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Thank you for that. We had a rethink and thought that might be the case. We will purchase a new one and give it a go.


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I would start with the master cylinder. On older or high mileage vehicles the master cylinder bore will develop wear. The wear only occurs in the area of the normal piston stroke. In the process of bleeding the brakes you pushed the seals past what had been the normal stroke. It likely ruined the seals and you are either sucking air in when the pedal returns ...


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On many brake systems you need to push the pedal down and close the bleeder valve before you let the brake pedal return,this is to avoid sucking air back into the system. An other alternative is to use a brake bleeder with a return valve,this do only let brake fluid and air pass in one direction. For the first solution you need to be two people one in the ...


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A typical brake assembly has a single or double piston on one side, when the brake pedal is depressed the piston pushes the pad into the rotor, and pushes the assembly, including the caliper, in the opposite direction. The caliper slides on pins, allowing even force to be applied on both sides of the rotor. It sounds like the caliper seized, keeping the ...


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After bringing it back to the mechanic, here's what was concluded: 1) Old rotors didn't cause knocking. 2) New rotors caused knocking. We suspect a defect in one of the rear rotors (Raybestos Coated) 3) Mechanic installed their own rotors, which solved the problem. It looks like the I actually had a defective rotor causing this issue. But don't forget to ...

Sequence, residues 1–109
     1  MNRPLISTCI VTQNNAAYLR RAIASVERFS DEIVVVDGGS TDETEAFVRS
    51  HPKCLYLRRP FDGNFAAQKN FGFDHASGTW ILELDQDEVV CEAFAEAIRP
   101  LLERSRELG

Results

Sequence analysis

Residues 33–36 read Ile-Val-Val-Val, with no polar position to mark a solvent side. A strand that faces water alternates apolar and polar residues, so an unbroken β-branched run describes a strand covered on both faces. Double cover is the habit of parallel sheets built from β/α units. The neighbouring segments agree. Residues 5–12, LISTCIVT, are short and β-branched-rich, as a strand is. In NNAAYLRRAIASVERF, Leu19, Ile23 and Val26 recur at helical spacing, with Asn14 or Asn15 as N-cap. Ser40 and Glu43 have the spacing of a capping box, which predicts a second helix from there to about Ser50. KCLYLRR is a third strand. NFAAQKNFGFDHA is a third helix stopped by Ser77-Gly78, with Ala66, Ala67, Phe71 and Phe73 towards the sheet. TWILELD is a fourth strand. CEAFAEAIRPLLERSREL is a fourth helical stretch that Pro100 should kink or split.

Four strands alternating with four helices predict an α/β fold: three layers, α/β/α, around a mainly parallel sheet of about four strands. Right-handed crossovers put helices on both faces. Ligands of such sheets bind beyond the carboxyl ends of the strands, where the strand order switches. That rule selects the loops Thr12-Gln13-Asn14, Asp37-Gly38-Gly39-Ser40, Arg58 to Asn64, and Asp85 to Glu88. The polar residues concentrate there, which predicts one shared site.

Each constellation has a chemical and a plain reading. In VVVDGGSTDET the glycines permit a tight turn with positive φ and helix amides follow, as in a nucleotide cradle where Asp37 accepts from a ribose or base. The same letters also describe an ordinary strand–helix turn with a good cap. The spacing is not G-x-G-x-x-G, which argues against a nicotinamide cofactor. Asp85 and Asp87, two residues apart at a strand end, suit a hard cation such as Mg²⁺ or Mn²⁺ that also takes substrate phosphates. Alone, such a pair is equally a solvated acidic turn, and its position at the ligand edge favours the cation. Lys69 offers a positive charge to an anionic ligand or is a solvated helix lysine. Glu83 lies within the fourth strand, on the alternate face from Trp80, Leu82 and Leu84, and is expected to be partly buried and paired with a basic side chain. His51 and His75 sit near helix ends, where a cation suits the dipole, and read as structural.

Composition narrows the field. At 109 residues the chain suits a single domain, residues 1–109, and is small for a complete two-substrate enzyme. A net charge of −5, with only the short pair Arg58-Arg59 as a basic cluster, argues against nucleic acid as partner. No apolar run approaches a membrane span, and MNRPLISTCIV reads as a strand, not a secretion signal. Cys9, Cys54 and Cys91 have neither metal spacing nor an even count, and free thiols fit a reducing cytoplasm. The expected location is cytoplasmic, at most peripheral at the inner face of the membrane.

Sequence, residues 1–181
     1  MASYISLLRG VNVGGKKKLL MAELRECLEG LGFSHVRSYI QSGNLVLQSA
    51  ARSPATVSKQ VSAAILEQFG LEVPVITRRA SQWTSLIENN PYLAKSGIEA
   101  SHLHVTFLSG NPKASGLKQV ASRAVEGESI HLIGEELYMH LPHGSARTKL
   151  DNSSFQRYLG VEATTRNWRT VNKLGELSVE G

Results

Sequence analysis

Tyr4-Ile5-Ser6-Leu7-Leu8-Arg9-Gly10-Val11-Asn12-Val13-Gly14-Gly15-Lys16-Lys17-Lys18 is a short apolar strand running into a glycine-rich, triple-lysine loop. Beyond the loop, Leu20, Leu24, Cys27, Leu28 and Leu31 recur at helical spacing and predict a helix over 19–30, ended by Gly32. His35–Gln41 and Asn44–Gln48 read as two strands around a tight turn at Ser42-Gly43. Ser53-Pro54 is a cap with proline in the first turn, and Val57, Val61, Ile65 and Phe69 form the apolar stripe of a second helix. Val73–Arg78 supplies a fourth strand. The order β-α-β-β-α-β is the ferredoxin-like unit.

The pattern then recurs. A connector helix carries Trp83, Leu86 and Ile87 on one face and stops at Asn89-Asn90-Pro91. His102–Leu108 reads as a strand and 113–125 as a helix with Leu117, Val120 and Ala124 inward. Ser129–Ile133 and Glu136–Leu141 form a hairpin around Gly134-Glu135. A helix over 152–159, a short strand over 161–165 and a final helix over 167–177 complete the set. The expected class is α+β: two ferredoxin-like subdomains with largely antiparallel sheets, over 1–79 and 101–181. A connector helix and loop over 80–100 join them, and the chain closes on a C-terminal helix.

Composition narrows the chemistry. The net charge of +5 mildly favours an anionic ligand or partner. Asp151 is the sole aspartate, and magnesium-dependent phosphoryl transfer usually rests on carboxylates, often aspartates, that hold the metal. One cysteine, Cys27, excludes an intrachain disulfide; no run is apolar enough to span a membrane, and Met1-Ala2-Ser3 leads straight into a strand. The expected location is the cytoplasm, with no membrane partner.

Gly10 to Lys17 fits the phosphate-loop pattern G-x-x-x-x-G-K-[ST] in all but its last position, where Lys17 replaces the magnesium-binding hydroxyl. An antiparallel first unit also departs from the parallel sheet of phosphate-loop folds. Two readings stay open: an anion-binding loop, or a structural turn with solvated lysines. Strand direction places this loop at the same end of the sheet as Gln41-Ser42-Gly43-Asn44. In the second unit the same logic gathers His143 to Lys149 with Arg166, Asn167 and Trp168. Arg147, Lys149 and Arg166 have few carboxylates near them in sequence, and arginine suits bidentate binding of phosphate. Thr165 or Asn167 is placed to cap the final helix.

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The same happened to me. Turned out to be a bad alternator. My alternator was generating 19v. Abs module is a complex system including a motor. When it sense overvolts, it shuts it down itself tl prevent further damage.


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The most common thing is a warped rotor. Even though it's new doesn't mean it's not warped. Sometimes an inferior quality rotor can be warped out of the box. Rotors can also become warped quickly by sticking calipers and\or slides or bad brake hoses. These can cause the rotors to overheat and warp in short order. If hub is excessively dirty it can also cause ...


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That should not cause any damage. Driving several miles at 60mph will cause damage though - seen the effects : blue discs and lots of smoke (luckily it was not me :) )


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I'm going to guess that he said and you misunderstood or he mispoke and the correct term is "tuner amplifier". Many vehicles have a separate module from the "head unit" in the dash that has the actual audio electronics in it. I suspect this may be where they are looking


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